The Gingerbread Girl



Emily has lost her child, which causes tensions in the relationship with her husband Henry. She takes up running till she collapses to control her grief. Henry notices her behavior and tries o talk to her. The situation escalates and she runs off, just with her running clothes and a few credit cards. Her father suggests going to their small house on the Keys and she follows his proposal. During the next few weeks she runs 5 miles a day while eating nest to nothing.

One day, Dake, who runs the draw-bridge between Vermilllion and the mainland, tells her that Pickering is back. Pickering is one of the rich owners of the huge houses on the beach. He arrived with a new “cousin” who is young and attractive. Dake tells her that he thinks all the “cousins”, Pickering arrives with, are killed and shipped back with his yacht. A bit later Emily runs past that estate and sees a woman lying injured in the trunk. She walks closer and is knocked down from behind.

Em wakes up and in order to prevent Pickering from killing her, she lies to him. She says that Dake knows where she is. Pickering leaves with the intention to eliminate Dake. Slowly she is able to get rid of the duct tape which ties her to a chair. Emily has almost finished when her tormentor returns. She succeeds in knocking him down, although she is weak and injured by the falling the chair.

Emily tries to find the exit, but she ends up in the bedroom. By jumping out of a window she is able to escape and to gain a lead over Pickering. At the beach she already feels free although he is close on her heels. She seems to be fitter than him, but a Mexican worker, who works for Pickering, catches her. Emily convinces the Latino that she is needs help, but he gets brutally stabbed with a pair of scissors. Exhausted and heavily breathing she limps on.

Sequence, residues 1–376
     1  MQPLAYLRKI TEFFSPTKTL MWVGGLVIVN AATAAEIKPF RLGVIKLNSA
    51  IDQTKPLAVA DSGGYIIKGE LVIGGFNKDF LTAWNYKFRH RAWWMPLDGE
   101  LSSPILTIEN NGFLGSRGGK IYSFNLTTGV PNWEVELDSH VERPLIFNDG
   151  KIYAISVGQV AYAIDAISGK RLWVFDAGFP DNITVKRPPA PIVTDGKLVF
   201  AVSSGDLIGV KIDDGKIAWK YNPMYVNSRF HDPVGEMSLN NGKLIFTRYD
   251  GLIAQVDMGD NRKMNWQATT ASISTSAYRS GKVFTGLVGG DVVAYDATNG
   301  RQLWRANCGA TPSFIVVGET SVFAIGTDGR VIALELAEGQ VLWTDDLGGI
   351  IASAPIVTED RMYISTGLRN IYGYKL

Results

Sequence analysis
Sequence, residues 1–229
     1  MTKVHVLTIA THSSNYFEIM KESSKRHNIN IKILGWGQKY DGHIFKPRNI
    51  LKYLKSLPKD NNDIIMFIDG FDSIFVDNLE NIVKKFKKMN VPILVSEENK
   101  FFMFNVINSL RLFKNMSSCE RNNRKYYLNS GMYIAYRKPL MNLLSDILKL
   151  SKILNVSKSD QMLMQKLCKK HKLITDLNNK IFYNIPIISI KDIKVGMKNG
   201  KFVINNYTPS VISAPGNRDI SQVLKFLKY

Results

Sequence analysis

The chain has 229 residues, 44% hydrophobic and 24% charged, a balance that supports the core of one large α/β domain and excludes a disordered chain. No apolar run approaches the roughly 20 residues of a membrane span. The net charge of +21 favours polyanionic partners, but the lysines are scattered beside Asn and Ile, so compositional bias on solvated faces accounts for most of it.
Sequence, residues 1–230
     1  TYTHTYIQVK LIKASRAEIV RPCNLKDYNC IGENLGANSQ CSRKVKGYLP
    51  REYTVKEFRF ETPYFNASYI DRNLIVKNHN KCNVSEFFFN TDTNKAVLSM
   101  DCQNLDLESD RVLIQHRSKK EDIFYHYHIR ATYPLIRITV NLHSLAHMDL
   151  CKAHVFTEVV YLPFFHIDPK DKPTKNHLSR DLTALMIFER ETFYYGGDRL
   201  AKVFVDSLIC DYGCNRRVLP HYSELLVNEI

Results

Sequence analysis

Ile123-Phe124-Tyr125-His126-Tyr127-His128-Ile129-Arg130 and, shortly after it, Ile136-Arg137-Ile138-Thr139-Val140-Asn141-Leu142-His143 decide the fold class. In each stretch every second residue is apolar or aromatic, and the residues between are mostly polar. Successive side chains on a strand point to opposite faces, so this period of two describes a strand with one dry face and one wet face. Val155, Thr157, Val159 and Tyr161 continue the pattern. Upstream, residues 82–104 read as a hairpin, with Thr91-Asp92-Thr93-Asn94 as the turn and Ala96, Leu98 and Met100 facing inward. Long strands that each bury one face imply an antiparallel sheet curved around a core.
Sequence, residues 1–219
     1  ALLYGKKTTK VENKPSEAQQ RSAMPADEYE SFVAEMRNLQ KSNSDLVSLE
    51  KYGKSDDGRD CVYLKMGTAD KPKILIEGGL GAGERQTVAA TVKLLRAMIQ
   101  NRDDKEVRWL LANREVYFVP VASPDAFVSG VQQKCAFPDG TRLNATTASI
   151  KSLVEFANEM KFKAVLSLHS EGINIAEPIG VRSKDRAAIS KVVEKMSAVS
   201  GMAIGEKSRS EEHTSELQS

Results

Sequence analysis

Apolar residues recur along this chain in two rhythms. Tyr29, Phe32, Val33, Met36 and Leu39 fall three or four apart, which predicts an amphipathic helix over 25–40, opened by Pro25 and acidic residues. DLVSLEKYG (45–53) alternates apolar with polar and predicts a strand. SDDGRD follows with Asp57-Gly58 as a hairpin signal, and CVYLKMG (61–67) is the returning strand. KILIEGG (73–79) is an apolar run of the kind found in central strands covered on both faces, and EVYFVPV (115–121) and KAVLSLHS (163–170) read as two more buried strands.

When Pickering reaches her at last, she jumps into the water as last escape. Em realizes that he is not able to swim and pulls him deep under water. With her last power she swims ashore where she watches him drifting helplessly away in the Gulf Stream.

My impression

“The Gingerbread Girl” is divided into twelve parts. The first three parts form the exposition. The next four parts are the rising action. The climax is in part eight. It is the escape from the house. The moment of final suspense is in part nine, ten and eleven. The solution follows in the last part.

Stephen King describes the story very brutally, but in simple words. He plays with the fear of being kidnapped and killed by a psychopath. The reader is torn between the hope for Em and the fear that Pickering might kill her. In many situations she seems to win, but by chance Picking always stays on her heels. In my opinion the introduction is a bit too long, but I like the happy ending, when she gets her revenge. Em is mentally very strong and tries to think rationally all the time. From the point where Dake tells Emily about Pickering the plot is quite predictable. Most of the story seems realistic, but on the other hand the ending with the Mexican and Pickering’s unexpected fear of water -Pickering as a man who owns a boat and a house on the beach – is not convincing. It makes the reader wonder, if Stephen King wanted to put an end to the story.


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